A Nashville woman who wrote to a Tennessee state senator about a piece of controversial legislation this week got a response she wasn't expecting.
Sen. Stacey Campfield, R-Knoxville, advised the woman to "get therapy" after she complained about his proposal that deals with schools and homosexuality.
Campfield, whose email response has spread across the internet and was even picked up by gossip website TMZ, told Channel 4 News he's not a "piñata" for gay-rights supporters.
His so-called "Don't Say Gay" bill would prohibit the teaching of homosexuality to elementary and middle school students.
In addition, Campfield has changed the wording of his bill this year to allow school counselors to talk to kids, but it also requires the counselors to notify parents about the conversation.
Nashville resident Telisha Arguelles Cobb said she is not a fan of Campfield's proposal, so she did what many people do: wrote an email to the legislator.
"While I didn't expect Mr. Campfield to agree with me that he's an embarrassment to the state of Tennessee, I didn't expect him to write back so unprofessionally," Cobb said.
In the email, she asked Campfield to search his heart, his values and his Christianity to find a better way to represent the state as a whole.
Campfield wrote back, saying, "You seem to have some serious deep anger issues. Have you ever thought about therapy? I hear they are doing some wonderful things with medication these days."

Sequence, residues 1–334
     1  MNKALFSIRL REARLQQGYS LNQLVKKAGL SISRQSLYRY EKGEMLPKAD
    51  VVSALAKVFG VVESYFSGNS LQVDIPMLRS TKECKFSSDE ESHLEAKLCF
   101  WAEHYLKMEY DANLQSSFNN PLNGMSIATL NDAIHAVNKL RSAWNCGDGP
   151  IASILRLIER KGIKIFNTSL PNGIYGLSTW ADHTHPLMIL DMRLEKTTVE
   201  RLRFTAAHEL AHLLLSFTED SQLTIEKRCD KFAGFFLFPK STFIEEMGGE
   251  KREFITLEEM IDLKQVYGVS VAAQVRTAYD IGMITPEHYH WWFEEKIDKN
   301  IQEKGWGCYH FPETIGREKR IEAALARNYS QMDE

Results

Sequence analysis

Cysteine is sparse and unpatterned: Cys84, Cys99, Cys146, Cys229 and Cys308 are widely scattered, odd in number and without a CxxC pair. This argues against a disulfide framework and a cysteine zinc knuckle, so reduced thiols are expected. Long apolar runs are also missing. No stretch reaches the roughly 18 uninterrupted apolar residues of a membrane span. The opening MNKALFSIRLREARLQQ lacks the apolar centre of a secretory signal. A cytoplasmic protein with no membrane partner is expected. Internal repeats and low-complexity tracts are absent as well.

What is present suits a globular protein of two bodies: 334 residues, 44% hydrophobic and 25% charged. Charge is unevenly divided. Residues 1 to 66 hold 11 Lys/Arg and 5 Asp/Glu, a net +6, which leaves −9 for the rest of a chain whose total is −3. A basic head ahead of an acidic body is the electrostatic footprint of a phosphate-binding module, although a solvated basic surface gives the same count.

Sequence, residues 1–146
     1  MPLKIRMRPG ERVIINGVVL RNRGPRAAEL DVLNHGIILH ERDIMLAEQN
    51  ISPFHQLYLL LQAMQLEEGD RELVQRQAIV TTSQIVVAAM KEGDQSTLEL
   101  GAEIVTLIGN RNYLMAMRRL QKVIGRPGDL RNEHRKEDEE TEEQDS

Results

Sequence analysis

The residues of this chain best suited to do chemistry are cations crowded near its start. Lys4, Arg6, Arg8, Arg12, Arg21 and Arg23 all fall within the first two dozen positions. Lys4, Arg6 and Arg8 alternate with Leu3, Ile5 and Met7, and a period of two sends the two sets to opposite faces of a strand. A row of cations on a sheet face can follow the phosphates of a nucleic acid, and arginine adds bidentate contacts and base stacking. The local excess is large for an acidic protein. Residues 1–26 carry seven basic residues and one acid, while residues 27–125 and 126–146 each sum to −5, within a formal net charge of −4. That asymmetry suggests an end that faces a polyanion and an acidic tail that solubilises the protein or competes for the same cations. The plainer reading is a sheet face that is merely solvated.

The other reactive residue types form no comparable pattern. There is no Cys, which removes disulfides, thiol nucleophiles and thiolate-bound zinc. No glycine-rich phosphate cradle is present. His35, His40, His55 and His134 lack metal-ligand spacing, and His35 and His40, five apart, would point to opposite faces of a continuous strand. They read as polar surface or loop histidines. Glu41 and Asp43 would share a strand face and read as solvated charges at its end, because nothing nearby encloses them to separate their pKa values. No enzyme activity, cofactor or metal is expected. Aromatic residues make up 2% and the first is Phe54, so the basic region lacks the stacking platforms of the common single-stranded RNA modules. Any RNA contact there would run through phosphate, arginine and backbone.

"I think the reply shows a complete inability to do his job as a public servant. State dollars are paying him to sit in that office, and part of his job is to listen to us. And he needs to respond like a rational, sane, caring human being," Cobb said.
Campfield told Channel 4 News he wrote the email response because he's tired of being bullied by gay rights activists.
"They try and intimidate and bully people and threaten people and shout them down and use the media to attack them. I'm just not playing. If they want to do that stuff, they can get somebody else, but I'm not their piñata," Campfield said.
Cobb said she's no activist, she's just a mom who believes in equality. She said she decided to share the email publicly in hopes that Campfield's constituents in Knoxville will see his true colors.
Campfield said he's standing by what he said in the email response. Earlier this week, he said the current version of the "Don't Say Gay" bill also has a House sponsor and he's optimistic about its passage.
Copyright 2013 WSMV (Meredith Corporation). All rights reserved.
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